According to Goitom [30], Mamo et al. [33], Musah et al. [44], and Pingali [9], sample smallholder farmers were categorized into three levels based on the wheat commercialization index score: subsistence ((0, 0.25]), semicommercialized ((0.25, 0.5]), and commercialized (>0.5). The result revealed that the minimum and maximum wheat commercialization index was 0.1 (subsistence) and 0.95 (commercialized) with mean and standard deviations of 0.43 and 0.21, respectively. Additionally, the mean wheat commercialization index of subsistence, semicommercialized, and commercialized smallholder farmers were 0.21, 0.38, and 0.73, respectively. Moreover, the report of this study indicated that 23.4%, 51.9%, and 24.7% of smallholder farmers were subsistence, semicommercialized, and commercialized, respectively (Table 3). Therefore, the majority of the smallholder farmers fall in the semicommercialized category. For example, Bekele et al. [47] and Mamo et al. [33] conducted a study on teff and wheat commercialization in Ethiopia, respectively. Their findings indicated that most of the respondents fall in the semicommercialized category. Therefore, the result of this study is consistent with previous studies.


Level of commercializationWheat commercialization indexNumber (%)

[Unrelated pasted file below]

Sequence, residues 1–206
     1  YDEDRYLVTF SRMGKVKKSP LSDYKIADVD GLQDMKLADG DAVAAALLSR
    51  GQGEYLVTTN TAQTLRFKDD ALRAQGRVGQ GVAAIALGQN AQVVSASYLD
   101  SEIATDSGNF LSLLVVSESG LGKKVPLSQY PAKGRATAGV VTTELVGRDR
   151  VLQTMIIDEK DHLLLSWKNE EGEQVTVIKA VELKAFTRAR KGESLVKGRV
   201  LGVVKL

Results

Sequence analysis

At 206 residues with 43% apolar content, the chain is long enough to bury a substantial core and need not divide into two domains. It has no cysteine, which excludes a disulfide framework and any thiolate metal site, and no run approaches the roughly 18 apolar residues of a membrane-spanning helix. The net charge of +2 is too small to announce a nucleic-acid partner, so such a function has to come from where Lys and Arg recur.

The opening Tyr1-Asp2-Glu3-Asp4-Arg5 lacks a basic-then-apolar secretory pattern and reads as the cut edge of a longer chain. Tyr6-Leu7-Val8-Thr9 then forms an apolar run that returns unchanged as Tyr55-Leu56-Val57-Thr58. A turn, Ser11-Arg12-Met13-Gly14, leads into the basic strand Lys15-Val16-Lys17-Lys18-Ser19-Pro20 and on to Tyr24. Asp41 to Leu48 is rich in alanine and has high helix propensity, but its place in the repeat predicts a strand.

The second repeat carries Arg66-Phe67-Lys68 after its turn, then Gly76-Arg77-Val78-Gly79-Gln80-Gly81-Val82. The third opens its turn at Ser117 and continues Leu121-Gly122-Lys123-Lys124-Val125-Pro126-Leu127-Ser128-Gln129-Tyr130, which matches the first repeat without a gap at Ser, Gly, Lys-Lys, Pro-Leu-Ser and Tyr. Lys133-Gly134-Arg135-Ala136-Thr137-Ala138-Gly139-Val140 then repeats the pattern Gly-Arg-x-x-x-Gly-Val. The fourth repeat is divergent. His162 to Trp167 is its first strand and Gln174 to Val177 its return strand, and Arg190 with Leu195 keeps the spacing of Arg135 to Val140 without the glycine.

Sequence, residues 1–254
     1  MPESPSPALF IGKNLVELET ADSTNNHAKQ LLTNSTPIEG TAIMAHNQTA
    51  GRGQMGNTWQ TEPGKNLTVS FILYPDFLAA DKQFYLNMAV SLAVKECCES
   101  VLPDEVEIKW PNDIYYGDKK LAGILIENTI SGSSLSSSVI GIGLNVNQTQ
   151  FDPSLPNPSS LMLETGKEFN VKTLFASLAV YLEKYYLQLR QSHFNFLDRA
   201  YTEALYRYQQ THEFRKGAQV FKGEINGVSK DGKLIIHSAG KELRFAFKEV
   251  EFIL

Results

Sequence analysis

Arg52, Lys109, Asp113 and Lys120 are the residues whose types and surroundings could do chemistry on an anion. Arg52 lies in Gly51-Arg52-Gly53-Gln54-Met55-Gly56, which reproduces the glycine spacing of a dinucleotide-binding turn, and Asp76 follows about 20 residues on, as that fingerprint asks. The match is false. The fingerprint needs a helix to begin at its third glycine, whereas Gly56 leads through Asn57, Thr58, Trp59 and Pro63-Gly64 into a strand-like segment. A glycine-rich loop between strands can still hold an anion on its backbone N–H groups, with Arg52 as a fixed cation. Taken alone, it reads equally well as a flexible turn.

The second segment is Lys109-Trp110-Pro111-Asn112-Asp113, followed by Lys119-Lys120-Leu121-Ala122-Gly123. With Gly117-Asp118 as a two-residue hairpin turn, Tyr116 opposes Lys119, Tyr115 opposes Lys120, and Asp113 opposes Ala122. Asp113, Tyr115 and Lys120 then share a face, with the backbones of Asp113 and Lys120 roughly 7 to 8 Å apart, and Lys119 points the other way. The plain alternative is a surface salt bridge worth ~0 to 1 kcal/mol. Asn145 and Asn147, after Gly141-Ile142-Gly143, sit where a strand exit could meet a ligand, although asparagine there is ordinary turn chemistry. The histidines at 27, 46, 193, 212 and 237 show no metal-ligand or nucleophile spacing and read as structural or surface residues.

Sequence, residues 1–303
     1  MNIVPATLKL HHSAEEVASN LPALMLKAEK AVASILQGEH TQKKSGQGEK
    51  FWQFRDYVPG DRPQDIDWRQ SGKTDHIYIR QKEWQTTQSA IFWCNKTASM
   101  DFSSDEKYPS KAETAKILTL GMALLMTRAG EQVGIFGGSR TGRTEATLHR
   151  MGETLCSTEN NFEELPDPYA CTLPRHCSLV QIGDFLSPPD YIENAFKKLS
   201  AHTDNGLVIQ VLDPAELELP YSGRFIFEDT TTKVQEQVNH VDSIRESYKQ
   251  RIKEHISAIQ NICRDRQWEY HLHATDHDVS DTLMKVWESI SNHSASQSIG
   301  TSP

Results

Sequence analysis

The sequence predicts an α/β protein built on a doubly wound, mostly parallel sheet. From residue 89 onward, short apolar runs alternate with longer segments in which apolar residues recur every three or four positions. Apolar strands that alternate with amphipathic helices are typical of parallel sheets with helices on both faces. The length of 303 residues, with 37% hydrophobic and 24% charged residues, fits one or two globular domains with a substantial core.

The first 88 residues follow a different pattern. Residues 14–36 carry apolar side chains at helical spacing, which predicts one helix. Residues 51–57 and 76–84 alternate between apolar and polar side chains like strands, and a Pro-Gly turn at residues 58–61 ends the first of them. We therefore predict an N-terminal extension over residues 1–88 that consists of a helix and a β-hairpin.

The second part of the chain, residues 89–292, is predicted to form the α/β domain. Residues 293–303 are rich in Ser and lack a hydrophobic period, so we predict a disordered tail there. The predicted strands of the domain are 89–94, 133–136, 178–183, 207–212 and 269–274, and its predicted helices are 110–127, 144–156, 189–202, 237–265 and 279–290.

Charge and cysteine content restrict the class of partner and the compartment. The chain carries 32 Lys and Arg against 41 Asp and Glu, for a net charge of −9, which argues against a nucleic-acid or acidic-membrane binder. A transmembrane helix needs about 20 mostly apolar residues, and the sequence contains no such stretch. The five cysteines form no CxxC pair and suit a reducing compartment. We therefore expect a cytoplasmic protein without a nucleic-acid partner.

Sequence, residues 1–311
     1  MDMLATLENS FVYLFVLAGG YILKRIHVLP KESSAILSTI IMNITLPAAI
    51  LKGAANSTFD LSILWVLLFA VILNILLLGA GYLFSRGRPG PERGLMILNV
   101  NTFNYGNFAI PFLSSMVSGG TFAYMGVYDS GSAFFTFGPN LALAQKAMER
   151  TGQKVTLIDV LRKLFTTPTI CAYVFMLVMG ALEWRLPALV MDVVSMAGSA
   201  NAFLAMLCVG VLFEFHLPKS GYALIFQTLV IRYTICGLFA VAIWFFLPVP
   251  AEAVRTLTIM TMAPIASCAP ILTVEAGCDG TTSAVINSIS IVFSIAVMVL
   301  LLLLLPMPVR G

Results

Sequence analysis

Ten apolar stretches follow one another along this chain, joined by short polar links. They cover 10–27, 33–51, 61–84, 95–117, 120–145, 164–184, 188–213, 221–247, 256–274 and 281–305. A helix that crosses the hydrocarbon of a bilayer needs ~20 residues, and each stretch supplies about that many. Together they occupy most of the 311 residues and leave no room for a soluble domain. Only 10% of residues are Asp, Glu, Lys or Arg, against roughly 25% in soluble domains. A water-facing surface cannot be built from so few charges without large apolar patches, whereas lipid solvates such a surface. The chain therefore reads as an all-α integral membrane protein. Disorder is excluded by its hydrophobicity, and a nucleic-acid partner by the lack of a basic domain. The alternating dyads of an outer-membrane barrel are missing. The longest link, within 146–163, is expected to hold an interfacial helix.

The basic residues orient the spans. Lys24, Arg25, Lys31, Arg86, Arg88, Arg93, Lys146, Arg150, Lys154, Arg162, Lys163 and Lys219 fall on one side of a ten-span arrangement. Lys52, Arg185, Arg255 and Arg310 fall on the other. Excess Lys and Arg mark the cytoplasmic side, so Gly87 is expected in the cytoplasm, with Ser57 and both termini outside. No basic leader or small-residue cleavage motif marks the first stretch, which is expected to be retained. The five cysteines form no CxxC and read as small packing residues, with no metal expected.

MinimumMaximumMeanStandard deviation

Subsistence0.10.250.210.0436 (23.4)
Semicommercialized0.280.500.380.0780 (51.9)
Commercialized0.530.950.730.1138 (24.7)
Total sample0.10.950.430.21154 (100)

Source: own survey (2018).

Further analysis of the data indicated that 59% of smallholder farmers’ wheat commercialization index was less than the mean commercialization index, whereas 41% of the respondents’ wheat commercialization index was higher than the mean of the total observation. This indicates that the commercialization index of smallholder wheat producers was skewed to a semicommercialized production system. Likewise, the result of this study was compared with previous wheat, sorghum, teff, coffee, ginger, and turmeric commercialization studies conducted in Ethiopia [33, 46, 47]. Finally, the result of this study is higher than previous wheat (0.27) and sorghum (0.35) commercialization indices but lower than teff (0.46), coffee (0.8), ginger (0.83), and turmeric (0.85) commercialization indices. This is because teff, coffee, ginger, and turmeric are major cash crops as compared to wheat. On the other hand, sorghum is produced to meet the food consumption needs of household members, and the market demand of sorghum is not attractive as compared to wheat. Similarly, the wheat commercialization index of previous studies (0.27) is less than the mean wheat commercialization index of this study (0.43). This implies that the smallholder farmers’ participation in the output market is better than other area smallholder farmers.